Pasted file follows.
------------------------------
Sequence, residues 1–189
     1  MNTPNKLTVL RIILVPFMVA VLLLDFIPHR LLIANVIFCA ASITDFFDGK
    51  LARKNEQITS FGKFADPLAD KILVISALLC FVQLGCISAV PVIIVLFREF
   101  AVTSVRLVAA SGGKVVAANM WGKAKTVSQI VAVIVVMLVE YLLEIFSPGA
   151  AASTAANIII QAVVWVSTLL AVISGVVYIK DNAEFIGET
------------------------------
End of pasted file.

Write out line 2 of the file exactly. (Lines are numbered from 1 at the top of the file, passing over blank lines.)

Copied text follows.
     1  MNTPNKLTVL RIILVPFMVA VLLLDFIPHR LLIANVIFCA ASITDFFDGK